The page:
Decades after the release of Michael Mann’s Heat, the classic crime thriller has lingered in the minds of fans, critics, peers and the director himself.
Now the film is getting what fans have been craving since its release in 1995: a sequel.
The catch is that this is a novel written by Mann himself.
As the 79-year-old explains, he just had so much to say.
“You always feel like you’ve come up short,” Mann says during a Zoom interview from his home in Modena, Italy, where he currently works on Ferrari, with Adam Driver as the racer and car magnate.
“I love researching and building these characters very, very fully and rooting the actor in a lifetime. . . The film is a sliver, it’s just a very small snippet of a complete life.”
Mann has finally completed the story of the groundbreaking film about a group of thieves and the detective who wants to bring them down.
In Heat 2, Mann has brought back deadly, calculating criminal Neil McCauley, played by De Niro in the film; the swaggering detective Vincent Hanna, played by Pacino; and such supporting characters as Chris Shiherlis (Val Kilmer), Michael Cheritto (Tom Sizemore) and Nate (Jon Voight).
And while he hopes to make another Heat film, he’s chosen to introduce his new narrative with just words.
Written with award-winning crime writer Meg Gardiner, the 480-page book is both a sequel and prequel that looks back to the late 1980s and into the 21st century, expanding on the world of McCauley and Hanna and Shiherlis, among others, and adding new characters and moving the plot from Los Angeles to Paraguay and Asia.
Mann had never attempted a novel before, and ended up trying it in part for a similar reason he takes on a particular film: to see if he can do it.
In a way, he approached the book as if he were planning a film production. He started with a basic story – he likes to know in advance how the plot will end – and expanded the narrative outwards over time and space. He speaks of creating an “almost cinematic momentum” for his novel, a symphony that pushes towards the final battle.
Heat 2 allowed him to explore and digress in ways he wouldn’t attempt on screen. He attaches great importance to knowing the inner and outer life of everyone. For example, he sees McCauley as a longtime outsider who became institutionalized in his early teens. He sees him as “very intelligent” with a “really strong ego and very low self-esteem”. An ideal criminal.
“He goes straight into violence, zero to 60,” explains Mann.
One of the most famous films to never earn an Oscar nomination, Heat has a base of obsessive admirers. Following a special screening in June at the Tribeca Film Festival, viewers called out lines from the film during a panel discussion with Pacino and De Niro. Mann says fans often come up to him and quote from the famous coffee shop conversation between McCauley and Hanna, the first time Pacino and De Niro had shared screen time (they had previously appeared at different time periods in The Godfather, Part II) .
For Mann, Heat 2 is a departure from novels by other filmmakers in recent years, including Werner Herzog, Brian De Palma and David Cronenberg. While Herzog’s The Twilight World and De Palma’s Are Snakes Needed? are original stories, Mann does a kind of reversal by taking characters created for the screen and fitting them to the page.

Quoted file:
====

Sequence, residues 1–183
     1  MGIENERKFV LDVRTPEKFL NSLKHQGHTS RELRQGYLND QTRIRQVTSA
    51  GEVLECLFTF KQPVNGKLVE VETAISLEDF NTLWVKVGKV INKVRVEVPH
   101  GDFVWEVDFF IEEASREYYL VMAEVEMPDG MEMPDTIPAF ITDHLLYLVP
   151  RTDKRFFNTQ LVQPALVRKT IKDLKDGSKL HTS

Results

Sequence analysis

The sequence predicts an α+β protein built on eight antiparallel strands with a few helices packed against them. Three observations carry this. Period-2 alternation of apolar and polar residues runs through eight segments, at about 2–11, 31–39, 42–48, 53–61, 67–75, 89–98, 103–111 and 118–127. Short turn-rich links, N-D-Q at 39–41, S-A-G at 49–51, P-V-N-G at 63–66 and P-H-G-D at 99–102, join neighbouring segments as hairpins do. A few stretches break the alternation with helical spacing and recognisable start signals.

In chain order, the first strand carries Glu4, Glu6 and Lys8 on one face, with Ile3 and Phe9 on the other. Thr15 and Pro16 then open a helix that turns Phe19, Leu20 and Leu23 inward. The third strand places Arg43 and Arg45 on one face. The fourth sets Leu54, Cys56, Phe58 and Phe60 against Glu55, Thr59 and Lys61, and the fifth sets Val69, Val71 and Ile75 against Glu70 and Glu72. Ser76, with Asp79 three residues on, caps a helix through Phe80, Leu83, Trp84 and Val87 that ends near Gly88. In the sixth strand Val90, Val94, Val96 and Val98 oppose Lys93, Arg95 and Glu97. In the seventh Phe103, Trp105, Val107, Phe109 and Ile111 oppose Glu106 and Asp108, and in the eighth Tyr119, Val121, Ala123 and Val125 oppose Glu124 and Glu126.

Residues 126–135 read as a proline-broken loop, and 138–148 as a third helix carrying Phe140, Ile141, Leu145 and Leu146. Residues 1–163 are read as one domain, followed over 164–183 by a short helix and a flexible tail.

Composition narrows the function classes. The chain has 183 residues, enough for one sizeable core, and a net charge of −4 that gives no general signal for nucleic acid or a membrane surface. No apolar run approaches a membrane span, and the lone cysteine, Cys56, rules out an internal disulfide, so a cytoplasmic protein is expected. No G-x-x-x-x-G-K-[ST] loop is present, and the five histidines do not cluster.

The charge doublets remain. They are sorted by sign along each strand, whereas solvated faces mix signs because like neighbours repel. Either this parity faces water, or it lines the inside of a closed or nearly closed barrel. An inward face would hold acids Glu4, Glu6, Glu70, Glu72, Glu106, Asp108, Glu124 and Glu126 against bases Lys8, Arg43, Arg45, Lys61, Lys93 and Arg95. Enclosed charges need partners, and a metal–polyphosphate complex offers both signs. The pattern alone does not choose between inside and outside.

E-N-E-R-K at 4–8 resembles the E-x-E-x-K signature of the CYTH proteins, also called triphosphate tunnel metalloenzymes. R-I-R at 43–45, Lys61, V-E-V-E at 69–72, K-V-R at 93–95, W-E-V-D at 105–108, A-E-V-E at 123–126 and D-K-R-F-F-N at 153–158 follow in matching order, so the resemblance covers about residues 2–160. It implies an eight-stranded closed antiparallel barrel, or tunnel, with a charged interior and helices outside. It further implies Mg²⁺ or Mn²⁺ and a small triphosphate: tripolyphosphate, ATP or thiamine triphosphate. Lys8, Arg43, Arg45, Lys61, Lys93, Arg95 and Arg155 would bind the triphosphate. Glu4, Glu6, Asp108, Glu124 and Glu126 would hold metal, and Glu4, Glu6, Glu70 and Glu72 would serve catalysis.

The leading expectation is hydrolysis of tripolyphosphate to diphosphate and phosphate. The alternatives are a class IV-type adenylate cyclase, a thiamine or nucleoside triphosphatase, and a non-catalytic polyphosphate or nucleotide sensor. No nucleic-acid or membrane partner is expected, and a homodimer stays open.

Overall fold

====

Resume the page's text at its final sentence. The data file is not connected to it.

Rather than finding it a distraction to think of Pacino when describing Hanna, he embraces the merging of actor and character.
“They refused. It’s an amalgamation. They’re one and the same,” he says. “Vincent Hanna is Al Pacino and Al Pacino is Vincent Hanna. Neil McCauley in 1988 is Bobby (De Niro) seven years younger . . . Since I was shooting the film and looking for Al Pacino, De Niro and Val Kilmer, you can bet these are those people.”
Mann has worked in film and television since the 1970s, whether writing episodes for Starsky and Hutch, executive producing the show Miami Vice, or directing The Insider, Manhunter, and Public Enemies.
He’s a Chicago native who says his view of the world — “a kind of cynical worldview, I think” — was shaped by his experiences growing up as the son of inner-city grocers. He cites The French Connection and its director, William Friedkin, as favorites, and jokes that filmmakers like himself and Friedkin who grew up in Chicago itself end up making crime stories, while those from the suburbs (like the late John Hughes) prefer comedy.
The first of three planned novels (one of which may be related to Heat), Heat 2 is an ambitious literary start for a man who had never attempted a novel before.
He studied English at the University of Wisconsin-Madison and considered becoming a teacher, but decided it would be “really immensely boring.” When asked about his literary influences, he mentions John le Carre but otherwise says he doesn’t read crime fiction. Instead, he searches for “primary sources,” the various killers, crooks, law enforcement officers, and government agents he has met and befriended and whose stories he has adapted for Heat, Thief, and other films.
Critics and other directors have praised his complex narratives and talent for pacing and atmosphere: Christopher Nolan has credited Heat as the inspiration for his acclaimed Batman film The Dark Knight. But some of Mann’s favorite feedback comes from these “primary sources.” He smiles when asked what some of his characters’ real-life models have said when they’ve seen his films.
“I was offered alternative careers,” he says.